A day in Spain

Yesterday was a day of two mildly disappointing Spanish movies, which are (I fear) doomed to be not only linked but also confused in my future reminiscences.

The first, "Only Human" (2004), is a farce with a promising foundation: successful daughter Leni brings her boyfriend home to meet her crazy Jewish family, telling them that he is Israeli. Only after a great deal of embarrassing conversation about where he did his military service and where his family lives does it emerge that he is, in fact, Palestinian. I felt hopeful about the wonderfully weird characters, from a brother who has suddenly discovered not only a wounded duckling who lives in their toilet, but also religious zeal (he attempts throughout to force his family to observe the Sabbath properly), to a belly-dancing sister and a downstairs neighbor with an unhealthily well-developed sense of "community." In an early scene in the film, Leni's brother purges the fridge of all pork products. Pulling a sausage out of the garbage, his mother cries "What is wrong with this?!?" "It's not kosher!" "Throwing food away isn't kosher!" she replies, dousing the sausage in dish soap and giving it a thorough scrubbing.

If only the whole movie had been this way, based on the subtle clash between absurd but plausible characters. Instead it quickly became one of my least favorite types of comedy: a farce which relies on the extreme and unrealistic stupidity of its characters to herd them into a series of ridiculous situations. If I am exclaiming "Why didn't [the protagonist] just do this???" then the film is a bit too much like a sitcom of the "Three's Company" ilk. Perhaps I should have known better when I saw that Netflix compared it to "Meet the Parents," a film which I despised with an unusual vigor. Too many groans, not enough laughs.

The second film sparked a rare outing to an actual movie theatre, an adventure I had been eagerly anticipating for some time: the new Pedro Almodovar feature, "Volver." The film is almost completely devoid of men, and what few there are manage to be moral cesspools. It is a drama of deception played out between three generations of women: the (ghostly) matriarch Irene and her senile sister Tia Paula, Irene's daughters Raimunda (played by a resplendent Penelope Cruz) and Sole, their friend Agustina, and Raimunda's teenage daughter Paula. For the most part the characters and performances are delicate, although from time to time the scenes had a staginess that I had never seen before in an Almodovar. This is not to be confused with his trademark theatricality, an exuberance which tempers grim plotlines.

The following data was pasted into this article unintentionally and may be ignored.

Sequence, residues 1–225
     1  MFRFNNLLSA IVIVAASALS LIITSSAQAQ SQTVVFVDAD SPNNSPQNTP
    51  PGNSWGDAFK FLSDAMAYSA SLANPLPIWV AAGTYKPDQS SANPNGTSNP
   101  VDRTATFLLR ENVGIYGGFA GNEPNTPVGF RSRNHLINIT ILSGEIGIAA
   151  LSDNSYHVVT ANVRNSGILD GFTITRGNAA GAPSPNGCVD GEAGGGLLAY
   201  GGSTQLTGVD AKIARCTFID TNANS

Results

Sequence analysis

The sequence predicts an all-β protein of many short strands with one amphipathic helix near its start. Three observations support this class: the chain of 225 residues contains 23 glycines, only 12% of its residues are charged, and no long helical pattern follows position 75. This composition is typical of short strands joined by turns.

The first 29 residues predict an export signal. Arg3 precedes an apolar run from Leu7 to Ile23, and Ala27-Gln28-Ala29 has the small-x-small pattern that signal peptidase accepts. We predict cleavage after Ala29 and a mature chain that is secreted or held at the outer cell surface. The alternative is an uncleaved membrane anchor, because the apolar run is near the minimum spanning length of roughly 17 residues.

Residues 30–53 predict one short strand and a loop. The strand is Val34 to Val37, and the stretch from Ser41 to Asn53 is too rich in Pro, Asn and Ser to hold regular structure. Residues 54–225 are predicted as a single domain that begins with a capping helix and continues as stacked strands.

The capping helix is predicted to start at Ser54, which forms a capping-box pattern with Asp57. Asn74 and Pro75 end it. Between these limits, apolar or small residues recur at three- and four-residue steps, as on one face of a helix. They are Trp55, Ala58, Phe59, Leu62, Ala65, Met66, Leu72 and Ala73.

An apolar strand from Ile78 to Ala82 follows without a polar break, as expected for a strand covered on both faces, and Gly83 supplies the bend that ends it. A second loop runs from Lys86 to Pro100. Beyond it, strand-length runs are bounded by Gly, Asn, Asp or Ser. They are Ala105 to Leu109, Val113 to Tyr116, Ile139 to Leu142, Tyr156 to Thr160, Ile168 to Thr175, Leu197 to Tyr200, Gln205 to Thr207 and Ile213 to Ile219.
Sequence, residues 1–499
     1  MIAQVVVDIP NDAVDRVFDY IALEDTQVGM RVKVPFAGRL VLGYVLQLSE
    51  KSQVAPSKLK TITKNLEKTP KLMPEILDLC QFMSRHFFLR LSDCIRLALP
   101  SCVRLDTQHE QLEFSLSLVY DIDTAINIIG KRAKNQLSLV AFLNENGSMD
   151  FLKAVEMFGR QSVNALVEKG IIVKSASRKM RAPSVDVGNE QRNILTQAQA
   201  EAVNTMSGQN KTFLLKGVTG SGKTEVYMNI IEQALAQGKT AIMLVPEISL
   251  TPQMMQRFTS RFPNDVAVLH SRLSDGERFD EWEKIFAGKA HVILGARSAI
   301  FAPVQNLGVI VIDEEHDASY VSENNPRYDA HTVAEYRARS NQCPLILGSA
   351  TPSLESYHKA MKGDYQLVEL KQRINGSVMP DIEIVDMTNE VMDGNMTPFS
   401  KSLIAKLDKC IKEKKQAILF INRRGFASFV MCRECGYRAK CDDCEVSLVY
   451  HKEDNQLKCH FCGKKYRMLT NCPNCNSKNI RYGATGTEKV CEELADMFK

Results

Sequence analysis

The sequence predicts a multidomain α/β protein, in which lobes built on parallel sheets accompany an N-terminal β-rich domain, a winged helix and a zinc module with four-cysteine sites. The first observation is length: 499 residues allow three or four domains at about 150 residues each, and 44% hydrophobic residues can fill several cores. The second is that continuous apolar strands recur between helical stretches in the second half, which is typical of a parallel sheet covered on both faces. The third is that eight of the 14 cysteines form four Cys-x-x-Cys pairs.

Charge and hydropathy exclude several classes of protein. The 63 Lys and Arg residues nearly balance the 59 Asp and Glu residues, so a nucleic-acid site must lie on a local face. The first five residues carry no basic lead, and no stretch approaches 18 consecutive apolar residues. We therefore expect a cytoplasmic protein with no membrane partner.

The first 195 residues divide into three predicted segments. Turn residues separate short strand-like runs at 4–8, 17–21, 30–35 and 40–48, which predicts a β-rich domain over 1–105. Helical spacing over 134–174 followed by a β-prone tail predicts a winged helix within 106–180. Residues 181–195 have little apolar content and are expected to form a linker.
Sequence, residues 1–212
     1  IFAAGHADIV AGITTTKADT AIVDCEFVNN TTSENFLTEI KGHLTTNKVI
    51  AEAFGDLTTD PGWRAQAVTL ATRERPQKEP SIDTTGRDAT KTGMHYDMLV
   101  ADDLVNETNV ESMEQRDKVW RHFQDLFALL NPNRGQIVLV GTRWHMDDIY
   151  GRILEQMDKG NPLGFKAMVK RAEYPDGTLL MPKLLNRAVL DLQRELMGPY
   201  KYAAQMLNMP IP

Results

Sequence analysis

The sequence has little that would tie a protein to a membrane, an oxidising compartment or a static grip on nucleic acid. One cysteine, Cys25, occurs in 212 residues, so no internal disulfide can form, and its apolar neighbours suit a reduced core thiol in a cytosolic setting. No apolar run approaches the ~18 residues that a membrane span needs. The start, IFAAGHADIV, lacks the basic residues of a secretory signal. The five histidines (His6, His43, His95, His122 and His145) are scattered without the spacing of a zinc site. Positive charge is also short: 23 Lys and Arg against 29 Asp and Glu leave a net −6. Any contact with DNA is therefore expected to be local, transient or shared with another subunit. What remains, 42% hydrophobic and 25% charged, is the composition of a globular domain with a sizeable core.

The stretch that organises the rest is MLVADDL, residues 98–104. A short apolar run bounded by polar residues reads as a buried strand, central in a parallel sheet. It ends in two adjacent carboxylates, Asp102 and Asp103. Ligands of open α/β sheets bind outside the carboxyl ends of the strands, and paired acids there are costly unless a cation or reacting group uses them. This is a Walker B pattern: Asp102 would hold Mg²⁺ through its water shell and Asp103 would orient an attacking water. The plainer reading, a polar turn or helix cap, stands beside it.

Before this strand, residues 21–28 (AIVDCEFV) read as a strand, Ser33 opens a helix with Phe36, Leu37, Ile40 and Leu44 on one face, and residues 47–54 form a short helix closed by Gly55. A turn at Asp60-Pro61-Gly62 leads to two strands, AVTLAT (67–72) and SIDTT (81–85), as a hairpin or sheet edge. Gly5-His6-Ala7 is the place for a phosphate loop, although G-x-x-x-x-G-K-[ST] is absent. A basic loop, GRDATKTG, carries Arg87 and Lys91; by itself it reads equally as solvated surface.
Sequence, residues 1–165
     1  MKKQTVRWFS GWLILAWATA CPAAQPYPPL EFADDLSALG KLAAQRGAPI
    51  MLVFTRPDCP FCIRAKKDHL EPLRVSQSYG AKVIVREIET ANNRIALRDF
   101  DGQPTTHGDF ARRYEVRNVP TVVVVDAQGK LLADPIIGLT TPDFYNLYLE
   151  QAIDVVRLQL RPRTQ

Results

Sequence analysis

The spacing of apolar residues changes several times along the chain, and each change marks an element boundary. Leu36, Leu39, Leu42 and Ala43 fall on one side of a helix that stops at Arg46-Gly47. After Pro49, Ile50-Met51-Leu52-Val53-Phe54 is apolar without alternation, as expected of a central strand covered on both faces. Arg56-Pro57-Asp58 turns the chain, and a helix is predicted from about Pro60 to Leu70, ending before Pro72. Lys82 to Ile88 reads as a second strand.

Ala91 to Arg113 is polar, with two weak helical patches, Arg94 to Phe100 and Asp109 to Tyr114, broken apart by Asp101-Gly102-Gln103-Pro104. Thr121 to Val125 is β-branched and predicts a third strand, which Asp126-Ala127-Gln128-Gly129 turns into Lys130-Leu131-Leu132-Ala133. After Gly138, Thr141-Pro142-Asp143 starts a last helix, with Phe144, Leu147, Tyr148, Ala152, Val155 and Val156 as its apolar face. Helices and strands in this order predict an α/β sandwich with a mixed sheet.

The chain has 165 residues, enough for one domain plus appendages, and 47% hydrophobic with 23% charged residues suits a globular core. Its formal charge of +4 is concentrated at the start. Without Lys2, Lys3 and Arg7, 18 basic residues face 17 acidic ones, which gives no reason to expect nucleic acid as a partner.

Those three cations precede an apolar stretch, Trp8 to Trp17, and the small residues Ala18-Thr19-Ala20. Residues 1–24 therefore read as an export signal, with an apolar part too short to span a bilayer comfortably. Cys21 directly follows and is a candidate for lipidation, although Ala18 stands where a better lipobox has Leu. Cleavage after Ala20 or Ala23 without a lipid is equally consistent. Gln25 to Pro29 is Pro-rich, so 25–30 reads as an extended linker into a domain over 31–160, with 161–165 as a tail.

For my tastes, however, "Volver" is not grim or weird enough, spending too much time reveling in the sentimentality of the mother-daughter relationship. I wanted MORE transvestites, MORE prostitutes, MORE tiny people climbing into giant genitals, MORE of all the trappings of quirk that make an Almodovar film so delightful, banishing the cloying traces of self-pity or -satisfaction. One scene in "Volver" delivers this, despite a staid cast of characters: the principal mourner return to her family's small town for an aunt's funeral, where she is instantly mobbed by a muttering, pawing gaggle of black-clad women, intent on performing sympathy and stealing her aunt's valuables. Almodovar shoots this from above (a favorite shot of his in this movie, perhaps best described as the "cleavage shot"), emphasizing the herd mentality, the sense of the mourner drowning under surges of condolence which go on and on amidst a mumbled cacophony of "Hail Mary"s. Gorgeous and excruciating.

Almodovar clearly loves all these women, both the characters and the actors. Late in the film, Irene settles down to watch an old movie, and Anna Magnani appears on the screen. Oh, I immediately though, how Almodovar would have loved to work with Magnani, that opulent and stern empress of melodramatic subtlety. What an ode to paradox that collaboration would have been.

"Only Human"/"Seres Queridos" (2004)
dir. Teresa Pelegri and Dominic Harari

"Volver" (2006)
dir. and written by Pedro Almodovar

Leave a Reply